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College students across CT navigate faith and activism during tense times

Pro-Palestinian protest on the CCSU campus in New Britain.
Andrew DeCapua
The Recorder
Students held a pro-Palestinian protest on the Central Connecticut State University campus in New Britain.

The sounds of calming water fill the air of the Tranquility Room at Central Connecticut State University, a spiritual prayer and meditation space on the campus in New Britain.

With an array of comfortable furniture, prayer rugs, ambient lighting and a well-decorated interior, the Tranquility Room was created as a designated space for prayer, meditation and relaxation.

College students at Central and other universities across Connecticut say that practicing religion this year has been anything but tranquil.

As the Israel-Hamas war continues, campuses in Connecticut and across the United States this spring experienced a wave of student protests, which led to arrests. There's also been an increase in antisemitism and Islamophobia across the U.S.

At Yale and the University of Connecticut, students set up encampments demanding that their respective universities divest from companies they say are benefiting from the war. The spring protests resulted in about 70 student arrests between the two universities.

CCSU has had protests free of violence, law-breaking or arrests and students say they have not experienced harsh discrimination. Students of all religions have managed to coexist. Still, tensions have flared.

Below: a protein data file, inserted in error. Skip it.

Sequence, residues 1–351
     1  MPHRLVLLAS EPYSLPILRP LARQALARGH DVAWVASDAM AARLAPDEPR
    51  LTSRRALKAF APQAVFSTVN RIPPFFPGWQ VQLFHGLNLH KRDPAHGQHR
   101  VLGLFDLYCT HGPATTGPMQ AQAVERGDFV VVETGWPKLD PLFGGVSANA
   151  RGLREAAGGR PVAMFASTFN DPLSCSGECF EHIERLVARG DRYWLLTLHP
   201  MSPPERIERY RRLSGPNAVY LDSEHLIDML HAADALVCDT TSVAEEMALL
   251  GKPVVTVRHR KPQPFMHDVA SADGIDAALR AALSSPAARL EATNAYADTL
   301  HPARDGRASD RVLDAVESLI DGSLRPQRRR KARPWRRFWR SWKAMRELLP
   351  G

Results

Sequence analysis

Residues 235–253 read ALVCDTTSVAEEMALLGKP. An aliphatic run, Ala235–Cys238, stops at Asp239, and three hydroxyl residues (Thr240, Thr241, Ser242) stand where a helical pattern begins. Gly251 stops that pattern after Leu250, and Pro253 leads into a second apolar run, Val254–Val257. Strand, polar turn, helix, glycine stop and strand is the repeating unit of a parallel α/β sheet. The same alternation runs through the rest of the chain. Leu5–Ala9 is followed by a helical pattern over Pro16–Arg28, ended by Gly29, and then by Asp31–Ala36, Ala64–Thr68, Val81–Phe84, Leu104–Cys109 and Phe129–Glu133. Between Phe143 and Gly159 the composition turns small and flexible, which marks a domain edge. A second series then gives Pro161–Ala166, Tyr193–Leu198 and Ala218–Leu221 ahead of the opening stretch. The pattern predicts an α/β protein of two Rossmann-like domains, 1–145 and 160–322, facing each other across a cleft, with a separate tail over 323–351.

At Central, Muslim students say they've felt uncomfortable at times. Meanwhile, for the campus' small Jewish community, some are "scared into silence,” said Steven Bernstein, the campus Jewish faith consultant.

There were also concerns in April, when Students for Justice in Palestine and the CCSU Intersectional Justice Coalition held a rally and vigil. But a walkout was postponed from its original date, which some students interpreted as a form of repression by the university.

“They’re definitely pushing back on it,” said Nylamar Samuels, a Muslim student. She said she originally heard that it was postponed due to weather and later concluded that the administration was behind it.

A university spokesperson said the walkout was added to an initial request "after the event was approved as a ‘rally and vigil.’”

“It was clear through advertising materials promoting ‘A Walkout, Rally and Vigil’ that the club was promoting an event that was not pre-approved ... as required,” said Jodi Latina, associate vice president of university communications and media.

Recent issues surrounding protests at larger schools, such as Columbia University, have left some Jewish students at CCSU, such as Vanessa Paddy, feeling unsafe on campus.

“I would say the challenges really only come from the ‘Free Palestine’ movement because both on college campuses and in public spaces, they target visibly Jewish people or people who have made it known they are Jewish,” Paddy said.

Paddy said she's also upset with how the word "genocide" is being used.

“When I see posters up around campus spreading lies and when I hear about protests on campus, I feel angry, frustrated and unsafe,” Paddy said. “People have the freedom of speech, of course, but that doesn’t mean their speech doesn’t drive hate and misinformation. I wish there was a larger voice for truth out there.”